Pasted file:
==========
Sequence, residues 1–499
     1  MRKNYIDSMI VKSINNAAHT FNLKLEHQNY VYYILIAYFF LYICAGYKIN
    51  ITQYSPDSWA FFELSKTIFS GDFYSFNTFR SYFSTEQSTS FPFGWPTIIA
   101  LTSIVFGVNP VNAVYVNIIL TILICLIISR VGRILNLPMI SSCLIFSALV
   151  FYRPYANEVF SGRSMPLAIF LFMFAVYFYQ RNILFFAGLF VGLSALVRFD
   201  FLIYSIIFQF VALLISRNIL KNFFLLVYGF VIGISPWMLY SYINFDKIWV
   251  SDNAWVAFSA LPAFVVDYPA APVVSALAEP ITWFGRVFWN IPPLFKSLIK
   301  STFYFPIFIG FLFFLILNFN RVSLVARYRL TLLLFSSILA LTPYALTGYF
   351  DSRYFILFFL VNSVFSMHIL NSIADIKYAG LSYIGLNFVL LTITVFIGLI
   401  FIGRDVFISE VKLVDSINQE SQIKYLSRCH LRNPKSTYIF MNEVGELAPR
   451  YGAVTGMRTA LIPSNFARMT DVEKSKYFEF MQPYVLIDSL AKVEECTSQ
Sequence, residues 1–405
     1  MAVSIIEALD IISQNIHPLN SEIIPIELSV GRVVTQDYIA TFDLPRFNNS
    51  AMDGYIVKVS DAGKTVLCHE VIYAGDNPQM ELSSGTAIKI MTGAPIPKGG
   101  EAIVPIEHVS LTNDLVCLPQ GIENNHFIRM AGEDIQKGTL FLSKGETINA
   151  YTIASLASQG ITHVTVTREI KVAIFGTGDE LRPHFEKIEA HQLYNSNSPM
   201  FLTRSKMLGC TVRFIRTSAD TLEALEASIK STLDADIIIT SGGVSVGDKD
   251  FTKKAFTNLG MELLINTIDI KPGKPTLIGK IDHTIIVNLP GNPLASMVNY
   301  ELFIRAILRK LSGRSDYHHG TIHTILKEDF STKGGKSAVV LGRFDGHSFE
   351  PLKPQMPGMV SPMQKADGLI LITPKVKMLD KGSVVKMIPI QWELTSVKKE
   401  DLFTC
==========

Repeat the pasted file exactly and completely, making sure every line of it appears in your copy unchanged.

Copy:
Sequence, residues 1–499
     1  MRKNYIDSMI VKSINNAAHT FNLKLEHQNY VYYILIAYFF LYICAGYKIN
    51  ITQYSPDSWA FFELSKTIFS GDFYSFNTFR SYFSTEQSTS FPFGWPTIIA
   101  LTSIVFGVNP VNAVYVNIIL TILICLIISR VGRILNLPMI SSCLIFSALV
   151  FYRPYANEVF SGRSMPLAIF LFMFAVYFYQ RNILFFAGLF VGLSALVRFD
   201  FLIYSIIFQF VALLISRNIL KNFFLLVYGF VIGISPWMLY SYINFDKIWV
   251  SDNAWVAFSA LPAFVVDYPA APVVSALAEP ITWFGRVFWN IPPLFKSLIK
   301  STFYFPIFIG FLFFLILNFN RVSLVARYRL TLLLFSSILA LTPYALTGYF
   351  DSRYFILFFL VNSVFSMHIL NSIADIKYAG LSYIGLNFVL LTITVFIGLI
   401  FIGRDVFISE VKLVDSINQE SQIKYLSRCH LRNPKSTYIF MNEVGELAPR
   451  YGAVTGMRTA LIPSNFARMT DVEKSKYFEF MQPYVLIDSL AKVEECTSQ
Sequence, residues 1–405
     1  MAVSIIEALD IISQNIHPLN SEIIPIELSV GRVVTQDYIA TFDLPRFNNS
    51  AMDGYIVKVS DAGKTVLCHE VIYAGDNPQM ELSSGTAIKI MTGAPIPKGG
   101  EAIVPIEHVS LTNDLVCLPQ GIENNHFIRM AGEDIQKGTL FLSKGETINA
   151  YTIASLASQG ITHVTVTREI KVAIFGTGDE LRPHFEKIEA HQLYNSNSPM
   201  FLTRSKMLGC TVRFIRTSAD TLEALEASIK STLDADIIIT SGGVSVGDKD
   251  FTKKAFTNLG MELLINTIDI KPGKPTLIGK IDHTIIVNLP GNPLASMVNY
   301  ELFIRAILRK LSGRSDYHHG TIHTILKEDF STKGGKSAVV LGRFDGHSFE
   351  PLKPQMPGMV SPMQKADGLI LITPKVKMLD KGSVVKMIPI QWELTSVKKE
   401  DLFTC